• The WTRU may be configured to transfer a measurement report if specified conditions are satisfied. For example, the WTRU may be triggered to send a measurement report if the measured value or quality increases above a predetermined or configured threshold. The WTRU may be triggered to send a measurement report if the measured value or quality increases above a predetermined or configured threshold for a predetermined period of time. Such measurement reports may be an indicator to the RAN to activate or start transmission on the secondary cell. In an example, if the measured value or quality decreases below a predetermined or configured threshold, the WTRU may transmit a measurement report. The WTRU may be triggered to send a measurement report if the measured value or quality decreases below a predetermined or configured threshold for a predetermined period of time. These measurement reports may be an indicator to the RAN to deactivate or stop transmission on the secondary cell if desired.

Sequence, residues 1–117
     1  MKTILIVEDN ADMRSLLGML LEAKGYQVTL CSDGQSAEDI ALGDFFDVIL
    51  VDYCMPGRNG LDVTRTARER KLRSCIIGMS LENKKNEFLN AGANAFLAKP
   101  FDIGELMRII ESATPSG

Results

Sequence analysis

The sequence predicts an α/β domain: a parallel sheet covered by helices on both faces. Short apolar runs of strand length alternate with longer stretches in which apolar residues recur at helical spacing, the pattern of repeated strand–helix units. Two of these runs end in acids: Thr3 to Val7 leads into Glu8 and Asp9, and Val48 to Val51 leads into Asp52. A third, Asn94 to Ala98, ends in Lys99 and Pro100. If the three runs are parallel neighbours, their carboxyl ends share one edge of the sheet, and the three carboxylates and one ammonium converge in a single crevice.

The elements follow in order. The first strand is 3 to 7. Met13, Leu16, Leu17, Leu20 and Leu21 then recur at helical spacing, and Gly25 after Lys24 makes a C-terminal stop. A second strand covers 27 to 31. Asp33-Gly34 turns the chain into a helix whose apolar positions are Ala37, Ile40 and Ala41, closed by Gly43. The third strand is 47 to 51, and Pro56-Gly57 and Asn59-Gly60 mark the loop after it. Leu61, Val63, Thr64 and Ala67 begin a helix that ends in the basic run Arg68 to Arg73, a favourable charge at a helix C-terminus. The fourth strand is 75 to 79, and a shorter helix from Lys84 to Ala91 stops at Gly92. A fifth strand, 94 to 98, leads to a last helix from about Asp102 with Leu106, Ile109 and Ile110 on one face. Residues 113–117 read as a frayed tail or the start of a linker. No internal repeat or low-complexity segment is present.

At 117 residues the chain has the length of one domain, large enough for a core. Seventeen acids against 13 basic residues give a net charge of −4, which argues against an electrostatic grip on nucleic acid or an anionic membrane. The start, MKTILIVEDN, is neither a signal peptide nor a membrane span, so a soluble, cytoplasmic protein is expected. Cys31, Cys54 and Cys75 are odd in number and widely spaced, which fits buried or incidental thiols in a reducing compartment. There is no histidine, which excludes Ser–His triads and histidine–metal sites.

• In an example, if the number of reception failures on a secondary cell exceeds a pre-determined or configured threshold (for example within a predetermined time period), the WTRU may send a measurement report. The number of reception failures may be counted in a number of ways. For example, the WTRU may monitor the block error rate (BLER) for individual downlink transmissions, the HARQ BLER, the number of HARQ failures, and/or any other measurement of downlink reception failure. These measurements or a combination thereof may be used to determine the number and/or effect of reception failures.